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Edward Willett: Creating a strange new world

The Aurora-winning author of Marseguro on the importance of sensory detail in your sci-fi universe.

quote-cw-thumb-130x130-104373.jpg Always strive for the specific over the generic. Often this means replacing passive voice with active, and salting in lots of strong sensory details. Don’t write, 'It was a dark and stormy night,' write, 'Lightning split the sodden black vault of the sky, as though God Himself were shining a celestial flashlight through giant cracks in the firmament.' Science fiction readers want to be immersed in a strange new world. Don’t leave them feeling as if they’re wandering around a stage set badly painted on patched canvas flats."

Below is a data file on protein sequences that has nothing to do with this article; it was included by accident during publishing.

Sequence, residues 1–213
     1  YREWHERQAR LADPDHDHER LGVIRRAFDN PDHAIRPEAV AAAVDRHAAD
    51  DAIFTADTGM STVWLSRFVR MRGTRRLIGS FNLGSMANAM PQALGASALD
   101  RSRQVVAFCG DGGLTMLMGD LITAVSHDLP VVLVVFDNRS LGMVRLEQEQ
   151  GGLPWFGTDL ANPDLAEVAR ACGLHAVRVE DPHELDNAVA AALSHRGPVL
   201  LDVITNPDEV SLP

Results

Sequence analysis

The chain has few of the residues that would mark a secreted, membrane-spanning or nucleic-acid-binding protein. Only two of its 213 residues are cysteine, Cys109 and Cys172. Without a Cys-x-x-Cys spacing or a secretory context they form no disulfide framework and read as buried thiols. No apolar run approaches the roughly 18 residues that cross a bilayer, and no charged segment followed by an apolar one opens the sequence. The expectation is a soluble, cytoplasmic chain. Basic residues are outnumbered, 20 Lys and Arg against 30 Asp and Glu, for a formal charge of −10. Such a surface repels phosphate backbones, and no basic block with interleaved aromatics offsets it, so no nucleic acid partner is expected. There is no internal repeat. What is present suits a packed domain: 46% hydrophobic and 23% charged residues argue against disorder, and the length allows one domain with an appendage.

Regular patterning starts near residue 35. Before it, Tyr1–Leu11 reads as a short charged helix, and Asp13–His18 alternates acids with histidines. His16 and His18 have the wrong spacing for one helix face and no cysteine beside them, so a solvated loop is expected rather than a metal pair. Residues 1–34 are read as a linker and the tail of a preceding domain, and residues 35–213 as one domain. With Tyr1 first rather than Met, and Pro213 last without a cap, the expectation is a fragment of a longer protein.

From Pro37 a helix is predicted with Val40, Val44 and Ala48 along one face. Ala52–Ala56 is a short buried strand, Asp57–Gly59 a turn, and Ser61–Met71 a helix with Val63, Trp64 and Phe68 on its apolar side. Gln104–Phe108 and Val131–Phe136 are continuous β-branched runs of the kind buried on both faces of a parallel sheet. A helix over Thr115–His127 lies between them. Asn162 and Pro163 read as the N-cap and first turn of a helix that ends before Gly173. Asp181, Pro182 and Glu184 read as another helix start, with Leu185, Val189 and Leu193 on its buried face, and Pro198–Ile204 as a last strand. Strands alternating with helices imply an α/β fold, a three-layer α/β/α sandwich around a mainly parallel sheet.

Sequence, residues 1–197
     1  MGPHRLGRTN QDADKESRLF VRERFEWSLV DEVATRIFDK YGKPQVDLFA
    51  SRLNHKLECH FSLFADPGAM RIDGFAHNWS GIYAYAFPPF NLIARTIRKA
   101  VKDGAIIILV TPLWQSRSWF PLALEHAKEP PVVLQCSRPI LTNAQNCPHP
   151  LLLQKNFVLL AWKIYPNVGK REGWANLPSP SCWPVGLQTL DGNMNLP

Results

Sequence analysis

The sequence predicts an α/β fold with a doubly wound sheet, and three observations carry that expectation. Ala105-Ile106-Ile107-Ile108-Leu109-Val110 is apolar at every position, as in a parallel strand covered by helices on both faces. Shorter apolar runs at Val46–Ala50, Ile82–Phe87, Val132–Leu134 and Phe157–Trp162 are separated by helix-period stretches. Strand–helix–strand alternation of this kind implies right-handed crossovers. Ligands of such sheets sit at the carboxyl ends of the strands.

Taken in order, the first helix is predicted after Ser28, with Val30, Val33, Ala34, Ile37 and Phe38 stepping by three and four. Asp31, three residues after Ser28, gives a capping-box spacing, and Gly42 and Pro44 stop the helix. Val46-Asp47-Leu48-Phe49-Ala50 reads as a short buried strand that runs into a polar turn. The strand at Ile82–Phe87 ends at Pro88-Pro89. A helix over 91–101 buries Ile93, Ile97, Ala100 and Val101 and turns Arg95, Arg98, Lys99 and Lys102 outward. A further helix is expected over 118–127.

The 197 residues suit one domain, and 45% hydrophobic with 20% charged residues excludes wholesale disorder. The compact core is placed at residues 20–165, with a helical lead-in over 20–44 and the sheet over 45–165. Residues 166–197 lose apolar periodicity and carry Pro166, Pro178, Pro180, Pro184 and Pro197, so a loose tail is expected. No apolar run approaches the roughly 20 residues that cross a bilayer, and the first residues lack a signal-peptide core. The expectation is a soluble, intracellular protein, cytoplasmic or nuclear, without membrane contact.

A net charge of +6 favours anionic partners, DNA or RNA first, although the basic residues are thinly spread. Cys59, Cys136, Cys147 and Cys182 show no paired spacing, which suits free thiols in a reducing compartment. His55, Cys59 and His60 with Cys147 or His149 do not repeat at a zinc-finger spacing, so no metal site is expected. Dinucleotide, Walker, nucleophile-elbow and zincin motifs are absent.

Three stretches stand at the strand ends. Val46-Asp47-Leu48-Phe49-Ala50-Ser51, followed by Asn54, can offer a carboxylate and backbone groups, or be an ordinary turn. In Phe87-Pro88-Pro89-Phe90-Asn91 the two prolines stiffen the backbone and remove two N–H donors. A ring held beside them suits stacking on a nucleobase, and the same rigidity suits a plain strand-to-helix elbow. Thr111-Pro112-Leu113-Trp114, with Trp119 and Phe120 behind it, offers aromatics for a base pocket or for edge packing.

Edward Willett is the author of more than 40 books of fiction and nonfiction for adults, children and young adults. He won the 2009 Aurora Award for best long-form work of science fiction in English for his novel Marseguro (DAW Books); the sequel, Terra Insegura, was a finalist for the same award. The two have recently been released together in an omnibus edition called The Helix War. His short stories have appeared in various science fiction magazines. Ed’s most recent novel is Magebane (also from DAW), written under the pseudonym Lee Arthur Chane. The first book in his new young adult fantasy series, Masks, written under the pseudonym E.C. Blake, will be out from DAW next fall. 

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